Is Chemotherapy Used for Prostate Cancer Treatment?

Types of Chemotherapy Used for Prostate Cancer Treatment

Chemotherapy Used for Prostate Cancer TreatmentConventional chemotherapy has been used for prostate cancer treatment for decades.  So far, there is little evidence that chemotherapy used for prostate cancer treatment early in the course of the disease will alter patient outcome. The main use of chemotherapy for prostate cancer is usually in the advanced setting when the cancer does not respond to hormone deprivation anymore.

In recent years more drugs have been introduced that are not traditionally regarded as chemotherapeutic drugs.  They are considered biologic drugs and work by altering testosterone signaling in the prostate cancer cells and are highly effective. Doctors now tend to use chemotherapy drugs later in the disease course given the better tolerability of the newer drugs.

Farshid Dayyani:  In certain circumstances, chemotherapy might be appropriate to treat prostate cancer.

Conventional chemotherapy has been tested for decades in the treatment of early stage and advanced stage prostate cancer.  So far, we don’t have any evidence that using chemotherapy earlier in the disease, meaning before the cancer has spread, will change anything in the patient outcomes meaning they don’t live longer.  Therefore, the majority of the use of conventional chemotherapy in prostate cancer has been in the advanced setting when the cancer does not respond to hormone deprivation anymore. This so called castration resistant state was very difficult to treat until about 2004.

As a matter of fact, the only FDA approved chemotherapeutic drug until then was mitoxantrone which did not prolong the patient’s life, but improved the pain level of the patient and that’s how it was approved.  In 2004, we had two large randomized trials showing us an effect on overall survival with a drug called docetaxel which improved by about three to four months the survival of the patients, so this was our main treatment for patients with advanced prostate cancer over the past decade.  More recently, a second drug cabazitaxel which is related to docetaxel was approved for patients whose cancer does not respond to docetaxel anymore.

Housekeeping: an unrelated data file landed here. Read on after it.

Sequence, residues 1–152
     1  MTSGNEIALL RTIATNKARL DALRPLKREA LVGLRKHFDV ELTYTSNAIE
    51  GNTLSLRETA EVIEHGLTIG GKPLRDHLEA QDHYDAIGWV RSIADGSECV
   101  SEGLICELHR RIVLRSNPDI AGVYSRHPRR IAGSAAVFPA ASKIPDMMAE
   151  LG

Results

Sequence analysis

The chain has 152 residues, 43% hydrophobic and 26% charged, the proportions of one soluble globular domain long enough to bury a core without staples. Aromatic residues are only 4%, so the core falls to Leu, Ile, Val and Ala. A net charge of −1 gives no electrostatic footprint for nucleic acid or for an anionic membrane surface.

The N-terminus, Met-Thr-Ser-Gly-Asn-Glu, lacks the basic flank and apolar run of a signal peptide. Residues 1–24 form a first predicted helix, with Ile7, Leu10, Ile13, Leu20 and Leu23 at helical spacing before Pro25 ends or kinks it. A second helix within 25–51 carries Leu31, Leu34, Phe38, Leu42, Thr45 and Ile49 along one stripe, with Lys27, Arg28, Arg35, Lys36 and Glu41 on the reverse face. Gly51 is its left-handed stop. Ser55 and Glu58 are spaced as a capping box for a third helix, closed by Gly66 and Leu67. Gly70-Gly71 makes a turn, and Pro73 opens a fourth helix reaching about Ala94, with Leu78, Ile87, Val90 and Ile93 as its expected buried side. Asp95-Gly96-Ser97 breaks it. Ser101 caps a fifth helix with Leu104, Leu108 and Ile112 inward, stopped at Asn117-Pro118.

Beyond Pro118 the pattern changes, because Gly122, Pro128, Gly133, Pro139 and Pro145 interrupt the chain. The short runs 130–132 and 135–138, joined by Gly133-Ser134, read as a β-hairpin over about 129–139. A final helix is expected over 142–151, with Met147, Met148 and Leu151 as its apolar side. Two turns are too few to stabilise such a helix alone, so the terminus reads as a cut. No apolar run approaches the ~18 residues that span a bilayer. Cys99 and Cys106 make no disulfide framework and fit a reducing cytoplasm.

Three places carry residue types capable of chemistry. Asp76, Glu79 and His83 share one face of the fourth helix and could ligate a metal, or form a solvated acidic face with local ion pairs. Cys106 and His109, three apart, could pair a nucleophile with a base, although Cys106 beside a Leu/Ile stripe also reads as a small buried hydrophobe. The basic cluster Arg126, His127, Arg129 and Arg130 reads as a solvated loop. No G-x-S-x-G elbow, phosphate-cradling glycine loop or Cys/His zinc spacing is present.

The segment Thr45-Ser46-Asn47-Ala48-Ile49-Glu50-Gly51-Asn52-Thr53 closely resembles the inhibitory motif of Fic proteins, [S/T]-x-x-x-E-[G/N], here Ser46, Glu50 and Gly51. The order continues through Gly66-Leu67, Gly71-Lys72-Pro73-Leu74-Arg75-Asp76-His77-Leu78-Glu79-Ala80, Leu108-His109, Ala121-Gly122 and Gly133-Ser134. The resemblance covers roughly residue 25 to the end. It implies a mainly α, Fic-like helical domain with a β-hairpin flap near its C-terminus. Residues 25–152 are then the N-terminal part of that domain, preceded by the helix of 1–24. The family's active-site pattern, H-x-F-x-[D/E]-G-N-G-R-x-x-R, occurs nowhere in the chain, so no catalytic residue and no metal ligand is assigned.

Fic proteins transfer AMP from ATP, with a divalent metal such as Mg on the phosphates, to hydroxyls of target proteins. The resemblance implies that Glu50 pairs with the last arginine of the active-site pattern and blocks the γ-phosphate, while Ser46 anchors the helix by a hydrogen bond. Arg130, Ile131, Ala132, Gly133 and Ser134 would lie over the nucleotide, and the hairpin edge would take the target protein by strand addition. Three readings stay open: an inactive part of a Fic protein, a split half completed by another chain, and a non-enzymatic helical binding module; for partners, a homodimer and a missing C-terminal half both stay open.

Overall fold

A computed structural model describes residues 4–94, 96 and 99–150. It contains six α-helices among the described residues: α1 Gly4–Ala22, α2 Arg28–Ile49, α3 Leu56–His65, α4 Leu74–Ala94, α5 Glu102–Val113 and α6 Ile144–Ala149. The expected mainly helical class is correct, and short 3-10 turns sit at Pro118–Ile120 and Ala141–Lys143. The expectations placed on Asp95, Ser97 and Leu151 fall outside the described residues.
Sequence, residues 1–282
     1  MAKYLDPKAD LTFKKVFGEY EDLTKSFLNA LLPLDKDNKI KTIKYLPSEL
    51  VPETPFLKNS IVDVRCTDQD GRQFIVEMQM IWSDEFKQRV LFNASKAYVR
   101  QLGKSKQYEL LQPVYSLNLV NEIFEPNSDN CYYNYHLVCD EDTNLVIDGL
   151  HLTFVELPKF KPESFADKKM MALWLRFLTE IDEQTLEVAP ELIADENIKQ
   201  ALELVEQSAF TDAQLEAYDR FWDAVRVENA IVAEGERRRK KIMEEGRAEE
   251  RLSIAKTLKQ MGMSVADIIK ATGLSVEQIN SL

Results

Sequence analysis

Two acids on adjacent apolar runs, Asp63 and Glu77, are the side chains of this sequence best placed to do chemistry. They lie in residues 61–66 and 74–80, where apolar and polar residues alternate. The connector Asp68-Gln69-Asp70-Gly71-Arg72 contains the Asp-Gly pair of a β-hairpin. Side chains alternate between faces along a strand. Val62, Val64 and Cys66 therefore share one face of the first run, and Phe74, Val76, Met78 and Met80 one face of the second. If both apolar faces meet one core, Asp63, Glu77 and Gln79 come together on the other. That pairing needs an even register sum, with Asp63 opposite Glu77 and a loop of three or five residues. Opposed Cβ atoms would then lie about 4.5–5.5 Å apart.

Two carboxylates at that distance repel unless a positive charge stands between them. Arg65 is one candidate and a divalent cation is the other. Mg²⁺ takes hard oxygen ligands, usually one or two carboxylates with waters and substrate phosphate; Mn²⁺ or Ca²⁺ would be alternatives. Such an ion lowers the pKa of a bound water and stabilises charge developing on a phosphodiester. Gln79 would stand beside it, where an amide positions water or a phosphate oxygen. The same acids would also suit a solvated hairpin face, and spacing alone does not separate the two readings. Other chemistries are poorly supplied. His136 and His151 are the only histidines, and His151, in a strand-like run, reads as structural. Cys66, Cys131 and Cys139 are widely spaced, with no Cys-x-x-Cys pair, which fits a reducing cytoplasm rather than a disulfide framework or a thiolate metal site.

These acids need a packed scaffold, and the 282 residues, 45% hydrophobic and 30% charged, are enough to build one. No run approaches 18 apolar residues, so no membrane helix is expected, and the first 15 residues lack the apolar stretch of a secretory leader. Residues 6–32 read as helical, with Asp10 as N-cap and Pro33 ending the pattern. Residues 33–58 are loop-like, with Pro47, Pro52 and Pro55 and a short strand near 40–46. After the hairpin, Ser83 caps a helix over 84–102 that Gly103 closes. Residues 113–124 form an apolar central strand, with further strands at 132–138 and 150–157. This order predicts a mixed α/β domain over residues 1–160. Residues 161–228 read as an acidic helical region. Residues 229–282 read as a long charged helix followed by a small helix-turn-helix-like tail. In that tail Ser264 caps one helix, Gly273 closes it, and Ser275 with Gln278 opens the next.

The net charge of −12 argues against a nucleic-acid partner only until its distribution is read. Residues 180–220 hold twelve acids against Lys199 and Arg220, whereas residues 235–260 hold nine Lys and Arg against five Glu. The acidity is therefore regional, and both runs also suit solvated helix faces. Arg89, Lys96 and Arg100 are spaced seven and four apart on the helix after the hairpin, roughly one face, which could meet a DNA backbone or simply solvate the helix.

Again in this setting, the patients who received cabazitaxel lived longer than those who received placebo.  Now, we have more and more drugs coming in that are not traditionally regarded as chemotherapeutic drugs.  They are more biologic drugs that affect testosterone signaling in the prostate cancer cells and are highly effective, so in 2013 we tended to use chemotherapy drugs later and later in the disease course given the better tolerability of the newer drugs.

Farshid Dayyani
Dr. Dayyani earned his medical degree in Munich, Germany at Ludwig-Maximilians Universitaet before completing his internal medicine internship and residency at Beth Israel Deaconess Medical Center in Boston, Mass.
Farshid Dayyani

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